About Fellowships

Culture Push launched the Fellowship for Utopian Practice in 2012 to support boundary-pushing, interdisciplinary and socially engaged artwork. Our open call runs twice per year in Spring and Fall. Check the guidelines page for information on the next open call submission dates and application instructions.

Our current Fellows are building radical free libraries that focus on the literary history and work of black women; leading interactive workshops where participants consider how to form a temporary community in an emergency situation; choreographing dances for individuals in solitary confinement; highlighting the personal geographies of residents living in the Dutch Kills neighborhood in Long Island City as it is threatened by developers; studying the spatial dimension of civil resistance; empowering black women and girls to articulate their own experiences; and providing local artists with the resources to make a difference in their own communities.  Read about their projects below.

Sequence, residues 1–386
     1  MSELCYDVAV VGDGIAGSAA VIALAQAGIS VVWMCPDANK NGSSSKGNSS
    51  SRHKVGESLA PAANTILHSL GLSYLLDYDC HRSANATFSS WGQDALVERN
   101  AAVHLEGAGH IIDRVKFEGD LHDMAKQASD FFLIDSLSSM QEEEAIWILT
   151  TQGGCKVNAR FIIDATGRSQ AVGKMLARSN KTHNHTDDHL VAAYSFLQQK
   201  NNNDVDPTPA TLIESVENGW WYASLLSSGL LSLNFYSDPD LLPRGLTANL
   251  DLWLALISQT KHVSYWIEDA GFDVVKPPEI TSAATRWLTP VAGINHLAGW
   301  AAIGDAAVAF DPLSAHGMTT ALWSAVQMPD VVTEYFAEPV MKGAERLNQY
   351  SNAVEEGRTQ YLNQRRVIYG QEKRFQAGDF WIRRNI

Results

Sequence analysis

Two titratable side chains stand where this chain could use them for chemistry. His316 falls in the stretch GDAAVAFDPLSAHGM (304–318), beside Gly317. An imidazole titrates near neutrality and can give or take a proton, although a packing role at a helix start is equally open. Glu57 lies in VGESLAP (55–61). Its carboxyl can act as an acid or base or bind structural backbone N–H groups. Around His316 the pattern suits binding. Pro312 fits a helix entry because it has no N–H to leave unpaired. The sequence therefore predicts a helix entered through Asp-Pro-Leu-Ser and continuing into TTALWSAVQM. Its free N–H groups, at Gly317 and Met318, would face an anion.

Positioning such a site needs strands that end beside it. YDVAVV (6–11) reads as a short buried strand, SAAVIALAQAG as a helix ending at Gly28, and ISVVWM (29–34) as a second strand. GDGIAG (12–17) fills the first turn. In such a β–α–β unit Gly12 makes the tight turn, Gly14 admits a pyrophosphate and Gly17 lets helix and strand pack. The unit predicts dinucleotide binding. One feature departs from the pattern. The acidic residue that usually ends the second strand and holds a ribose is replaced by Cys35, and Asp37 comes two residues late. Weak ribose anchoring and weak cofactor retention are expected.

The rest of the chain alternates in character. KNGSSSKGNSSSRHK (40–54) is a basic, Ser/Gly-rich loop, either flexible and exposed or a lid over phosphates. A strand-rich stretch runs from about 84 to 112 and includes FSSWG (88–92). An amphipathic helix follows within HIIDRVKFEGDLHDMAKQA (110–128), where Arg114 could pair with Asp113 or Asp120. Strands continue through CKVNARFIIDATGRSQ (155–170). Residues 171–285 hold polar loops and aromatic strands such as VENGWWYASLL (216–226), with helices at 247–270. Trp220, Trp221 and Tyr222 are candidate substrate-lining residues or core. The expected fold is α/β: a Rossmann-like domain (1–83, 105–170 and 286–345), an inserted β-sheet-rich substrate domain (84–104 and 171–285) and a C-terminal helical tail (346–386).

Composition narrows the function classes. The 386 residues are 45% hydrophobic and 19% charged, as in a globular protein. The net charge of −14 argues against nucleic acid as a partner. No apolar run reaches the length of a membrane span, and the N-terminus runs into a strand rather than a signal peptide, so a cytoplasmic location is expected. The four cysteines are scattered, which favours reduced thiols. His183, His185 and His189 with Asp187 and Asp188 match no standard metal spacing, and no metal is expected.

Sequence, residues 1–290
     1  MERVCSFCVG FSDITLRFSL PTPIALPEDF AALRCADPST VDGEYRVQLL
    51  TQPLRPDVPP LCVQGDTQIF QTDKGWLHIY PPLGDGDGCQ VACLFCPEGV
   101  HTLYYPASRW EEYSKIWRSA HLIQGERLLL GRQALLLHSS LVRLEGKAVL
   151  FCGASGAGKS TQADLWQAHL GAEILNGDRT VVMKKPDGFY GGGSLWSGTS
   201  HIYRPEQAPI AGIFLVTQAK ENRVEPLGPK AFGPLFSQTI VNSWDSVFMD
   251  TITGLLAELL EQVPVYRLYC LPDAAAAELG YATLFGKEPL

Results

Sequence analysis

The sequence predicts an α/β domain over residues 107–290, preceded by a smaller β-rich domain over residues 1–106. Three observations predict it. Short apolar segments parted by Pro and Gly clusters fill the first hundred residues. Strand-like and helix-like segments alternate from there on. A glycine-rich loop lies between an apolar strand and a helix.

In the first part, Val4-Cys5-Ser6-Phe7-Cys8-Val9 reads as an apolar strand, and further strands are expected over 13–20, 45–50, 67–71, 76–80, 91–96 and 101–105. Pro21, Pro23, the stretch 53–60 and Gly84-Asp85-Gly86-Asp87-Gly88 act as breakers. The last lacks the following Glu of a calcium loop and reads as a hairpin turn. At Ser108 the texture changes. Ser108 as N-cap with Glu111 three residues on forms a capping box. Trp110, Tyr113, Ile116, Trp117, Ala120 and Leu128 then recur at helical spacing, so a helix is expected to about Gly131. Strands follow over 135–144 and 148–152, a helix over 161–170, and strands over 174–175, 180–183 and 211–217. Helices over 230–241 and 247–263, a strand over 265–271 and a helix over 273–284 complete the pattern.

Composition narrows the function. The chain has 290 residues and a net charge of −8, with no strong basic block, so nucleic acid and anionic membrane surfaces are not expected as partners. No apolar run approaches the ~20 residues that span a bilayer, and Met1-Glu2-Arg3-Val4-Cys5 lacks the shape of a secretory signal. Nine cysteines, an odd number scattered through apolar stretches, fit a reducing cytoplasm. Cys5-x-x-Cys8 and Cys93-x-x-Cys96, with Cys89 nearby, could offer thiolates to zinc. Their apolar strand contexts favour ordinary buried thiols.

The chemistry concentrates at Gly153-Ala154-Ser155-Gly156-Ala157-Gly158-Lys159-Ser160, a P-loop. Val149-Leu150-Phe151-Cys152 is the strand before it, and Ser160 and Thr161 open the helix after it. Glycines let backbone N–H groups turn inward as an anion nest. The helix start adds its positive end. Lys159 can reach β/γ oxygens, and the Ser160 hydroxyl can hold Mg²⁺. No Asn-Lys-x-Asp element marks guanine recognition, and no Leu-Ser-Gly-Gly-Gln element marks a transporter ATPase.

In 2012-2015 Fellows engaged with community gardens; dissected the New York Times through a feminist lens; brought history to life through video art; empowered the goddess in queer girls; created a crowd-sourced map of a neighborhood; engaged with food and empowerment; explored the choreography of protest; theorized the theater of philosophical inquiry; re-imagined NYC's waterways; ideated social space in the Bronx; and collaborated with day laborers to create an app that identifies wage theft.

This program is supported, in part by public funds from the New York City Department of Cultural Affairs, in partnership with the City Council.

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Supported in part by Funds from the Shelley & donald rubin foundation

Supported in part by Funds from the Shelley & donald rubin foundation